The United States Navy's Sea, Air, and Land Teams, commonly known as Navy SEALs, were established by President John F. Kennedy in 1962 as a small, elite maritime military force to conduct Unconventional Warfare. They carry out the types of clandestine, small-unit, high-impact missions that large forces with high-profile platforms (such as ships, tanks, jets and submarines) cannot. SEALs also conduct essential on-the-ground Special Reconnaissance of critical targets for imminent strikes by larger conventional forces.

SEALs are U.S. Special Operations Command’s force-of-choice among Navy, Army and Air Force Special Operations Forces (SOF) to conduct small-unit maritime military operations which originate from, and return to a river, ocean, swamp, delta or coastline. SEALs can negotiate shallow water areas such as the Persian Gulf coastline, where large ships and submarines are limited by depth.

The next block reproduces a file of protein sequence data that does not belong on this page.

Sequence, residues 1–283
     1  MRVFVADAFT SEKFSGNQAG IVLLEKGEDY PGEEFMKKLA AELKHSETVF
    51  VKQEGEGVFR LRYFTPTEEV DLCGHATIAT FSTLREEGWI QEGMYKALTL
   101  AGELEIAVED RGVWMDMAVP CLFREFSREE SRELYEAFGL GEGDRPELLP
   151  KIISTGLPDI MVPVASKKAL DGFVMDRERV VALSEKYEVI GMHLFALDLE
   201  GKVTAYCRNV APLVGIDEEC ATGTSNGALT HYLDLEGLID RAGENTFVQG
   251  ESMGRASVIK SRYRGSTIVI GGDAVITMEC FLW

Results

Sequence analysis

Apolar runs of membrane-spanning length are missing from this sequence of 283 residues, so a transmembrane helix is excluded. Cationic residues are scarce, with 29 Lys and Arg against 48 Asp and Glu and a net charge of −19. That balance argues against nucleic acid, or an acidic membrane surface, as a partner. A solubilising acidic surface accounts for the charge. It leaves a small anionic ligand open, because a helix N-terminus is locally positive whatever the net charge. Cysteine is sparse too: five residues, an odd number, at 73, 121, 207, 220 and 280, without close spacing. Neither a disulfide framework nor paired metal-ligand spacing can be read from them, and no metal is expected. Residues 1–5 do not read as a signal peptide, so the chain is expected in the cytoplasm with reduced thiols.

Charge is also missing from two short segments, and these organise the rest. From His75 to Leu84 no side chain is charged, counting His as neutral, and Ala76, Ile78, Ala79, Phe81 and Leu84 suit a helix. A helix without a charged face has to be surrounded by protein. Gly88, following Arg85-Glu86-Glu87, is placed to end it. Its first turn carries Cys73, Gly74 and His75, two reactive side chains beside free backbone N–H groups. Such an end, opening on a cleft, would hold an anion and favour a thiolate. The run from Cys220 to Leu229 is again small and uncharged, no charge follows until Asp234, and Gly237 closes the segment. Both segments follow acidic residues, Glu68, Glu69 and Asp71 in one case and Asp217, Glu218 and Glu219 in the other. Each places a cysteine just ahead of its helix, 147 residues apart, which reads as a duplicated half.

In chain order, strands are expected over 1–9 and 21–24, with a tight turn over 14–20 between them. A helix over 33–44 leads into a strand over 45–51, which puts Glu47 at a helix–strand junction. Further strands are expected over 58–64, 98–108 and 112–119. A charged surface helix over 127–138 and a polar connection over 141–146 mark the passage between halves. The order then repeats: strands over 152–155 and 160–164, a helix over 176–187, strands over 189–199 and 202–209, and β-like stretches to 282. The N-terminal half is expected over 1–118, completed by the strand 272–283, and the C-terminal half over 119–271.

The Navy SEALs are trained to operate in all the environments (sea, air and land) for which they are named. SEALs are also prepared to operate in climate extremes of scorching desert, freezing Arctic, and humid jungle. The SEALs’ current pursuit of elusive, dangerous and high-priority terrorist targets has them operating in remote, mountainous regions of Afghanistan, and in cities torn by factional violence, such as Baghdad, Iraq. Historically, SEALs have always had “one foot in the water.” The reality today, however, is that they initiate lethal Direct Action strikes equally well from air and land.